The Revenue is introducing a new requirement to force agents to submit company accounts on-line in XBRL format from April 2011. Let me quote from their website:
“Company Tax Returns and XBRL
XBRL stands for Extensible Business Reporting Language, which is an international standard designed for business financial reporting.
At the moment accounts and other attachments to online CT600 returns can be sent in PDF format. From April 2011 (and for all CT600 returns due after 31 March 2011) we expect that all CT600 returns will have to be sent online, and will have to include attachments using the XBRL format.
You don't have to wait till 2011 to change to XBRL, and we recommend you consider doing so before it becomes mandatory. Later in 2009-10 HMRC intends to introduce a CT filing product which uses XBRL (this will be aimed at smaller, unrepresented companies), and to introduce a new main CT Online service. Other software developers have introduced or are working on products which use XBRL.”
I find this very news disappointing, especially with the short time-scale. I assume that behind this is an intention to make company accounts more accessible to staff within HM Revenue & Customs, and will help their cost-cutting. The justification is the report by Lord Carter on HMRC on-line services amongst other things. Lord Carter had to revise his proposals on individual taxpayers' Self Assessment deadlines following a furore back in 2006 that they were impractical. It would be useful if we could have just a little more time to make the change.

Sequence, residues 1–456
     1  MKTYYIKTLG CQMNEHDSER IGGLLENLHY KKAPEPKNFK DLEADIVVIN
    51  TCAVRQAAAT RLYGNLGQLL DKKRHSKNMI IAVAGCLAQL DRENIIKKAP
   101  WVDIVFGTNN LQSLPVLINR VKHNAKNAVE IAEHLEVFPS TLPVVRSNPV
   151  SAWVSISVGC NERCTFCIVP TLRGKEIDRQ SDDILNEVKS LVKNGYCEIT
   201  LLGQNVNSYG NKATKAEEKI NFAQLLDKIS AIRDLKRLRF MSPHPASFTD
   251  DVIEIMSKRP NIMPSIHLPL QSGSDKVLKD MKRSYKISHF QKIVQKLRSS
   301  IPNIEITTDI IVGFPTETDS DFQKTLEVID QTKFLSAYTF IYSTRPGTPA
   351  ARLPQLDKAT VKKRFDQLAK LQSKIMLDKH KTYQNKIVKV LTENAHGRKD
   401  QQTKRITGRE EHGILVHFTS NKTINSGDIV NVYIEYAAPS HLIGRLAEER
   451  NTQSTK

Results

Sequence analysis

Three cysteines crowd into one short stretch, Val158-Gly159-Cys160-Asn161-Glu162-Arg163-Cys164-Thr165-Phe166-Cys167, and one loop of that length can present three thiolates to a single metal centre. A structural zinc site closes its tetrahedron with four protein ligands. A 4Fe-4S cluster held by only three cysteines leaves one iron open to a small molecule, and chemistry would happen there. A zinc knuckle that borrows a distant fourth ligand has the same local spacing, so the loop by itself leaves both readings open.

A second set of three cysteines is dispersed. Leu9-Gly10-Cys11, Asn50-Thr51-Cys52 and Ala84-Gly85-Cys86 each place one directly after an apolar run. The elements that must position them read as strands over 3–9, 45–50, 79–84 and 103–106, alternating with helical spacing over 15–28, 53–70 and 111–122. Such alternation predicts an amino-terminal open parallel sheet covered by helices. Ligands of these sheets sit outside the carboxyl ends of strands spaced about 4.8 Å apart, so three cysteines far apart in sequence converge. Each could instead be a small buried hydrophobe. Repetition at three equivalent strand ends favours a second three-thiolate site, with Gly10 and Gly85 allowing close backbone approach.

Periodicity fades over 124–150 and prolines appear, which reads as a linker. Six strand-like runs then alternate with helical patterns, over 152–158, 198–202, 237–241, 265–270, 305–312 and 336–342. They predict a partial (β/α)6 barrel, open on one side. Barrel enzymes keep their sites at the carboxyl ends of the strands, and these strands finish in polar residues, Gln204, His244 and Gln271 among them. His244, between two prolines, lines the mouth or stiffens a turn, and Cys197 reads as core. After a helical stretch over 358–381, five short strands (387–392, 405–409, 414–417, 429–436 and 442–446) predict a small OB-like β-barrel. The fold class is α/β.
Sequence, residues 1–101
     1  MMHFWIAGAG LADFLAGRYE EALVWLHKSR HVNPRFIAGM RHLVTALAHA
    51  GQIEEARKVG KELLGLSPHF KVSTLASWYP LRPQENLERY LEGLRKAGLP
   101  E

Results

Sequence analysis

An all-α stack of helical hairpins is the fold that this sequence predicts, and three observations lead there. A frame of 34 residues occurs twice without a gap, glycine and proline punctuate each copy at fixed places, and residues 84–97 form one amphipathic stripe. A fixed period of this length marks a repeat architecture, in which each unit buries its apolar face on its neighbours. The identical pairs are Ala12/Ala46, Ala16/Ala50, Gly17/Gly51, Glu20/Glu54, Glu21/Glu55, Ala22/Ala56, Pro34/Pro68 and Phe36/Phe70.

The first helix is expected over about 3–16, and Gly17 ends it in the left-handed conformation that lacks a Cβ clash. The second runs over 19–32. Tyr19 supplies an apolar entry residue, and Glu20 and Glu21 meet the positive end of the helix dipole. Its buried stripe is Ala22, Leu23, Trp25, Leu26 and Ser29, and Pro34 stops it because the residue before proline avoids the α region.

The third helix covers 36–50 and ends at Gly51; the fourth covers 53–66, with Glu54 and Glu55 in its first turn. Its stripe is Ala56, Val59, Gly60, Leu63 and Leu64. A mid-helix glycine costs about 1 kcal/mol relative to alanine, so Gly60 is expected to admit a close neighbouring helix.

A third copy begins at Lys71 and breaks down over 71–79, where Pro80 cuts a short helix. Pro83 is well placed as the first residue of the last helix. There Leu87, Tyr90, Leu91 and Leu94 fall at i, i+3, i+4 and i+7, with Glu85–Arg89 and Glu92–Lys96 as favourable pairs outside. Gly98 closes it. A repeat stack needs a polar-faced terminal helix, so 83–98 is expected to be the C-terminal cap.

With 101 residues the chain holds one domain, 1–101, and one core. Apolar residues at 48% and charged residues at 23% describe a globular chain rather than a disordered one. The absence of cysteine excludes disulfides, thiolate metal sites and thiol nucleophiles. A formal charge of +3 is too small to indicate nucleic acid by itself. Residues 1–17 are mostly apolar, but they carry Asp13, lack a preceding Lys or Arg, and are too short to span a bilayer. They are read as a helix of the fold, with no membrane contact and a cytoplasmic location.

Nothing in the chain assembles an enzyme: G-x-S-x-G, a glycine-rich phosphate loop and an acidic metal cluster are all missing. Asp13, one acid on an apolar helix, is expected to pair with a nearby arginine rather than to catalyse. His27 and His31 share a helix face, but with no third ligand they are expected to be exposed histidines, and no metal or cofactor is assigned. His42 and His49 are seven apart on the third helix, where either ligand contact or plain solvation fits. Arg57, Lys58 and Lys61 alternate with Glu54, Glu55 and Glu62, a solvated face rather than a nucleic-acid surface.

Self Assessment itself was introduced as a cost-cutting exercise, though it increased the cost burden of compliance for taxpayers.
The effect of the new requirement for XBRL format is to transfer further costs to taxpayers. The increase in software costs for tax agents will either have to be passed on to clients or the agents will have to bear them. No doubt the specialist tax software providers will have their developers working furiously to be ready for 2011 and they will need to charge the end user. Unfortunately the change will amount to a stealth tax even on those businesses which are not in profit. I believe in value billing, but increased overheads in software costs do not provide value for the agent or the end-user business. It is very difficult to provide the best value to clients whilst having to dance to the Treasury's discordant tune.
© Jon Stow 2009
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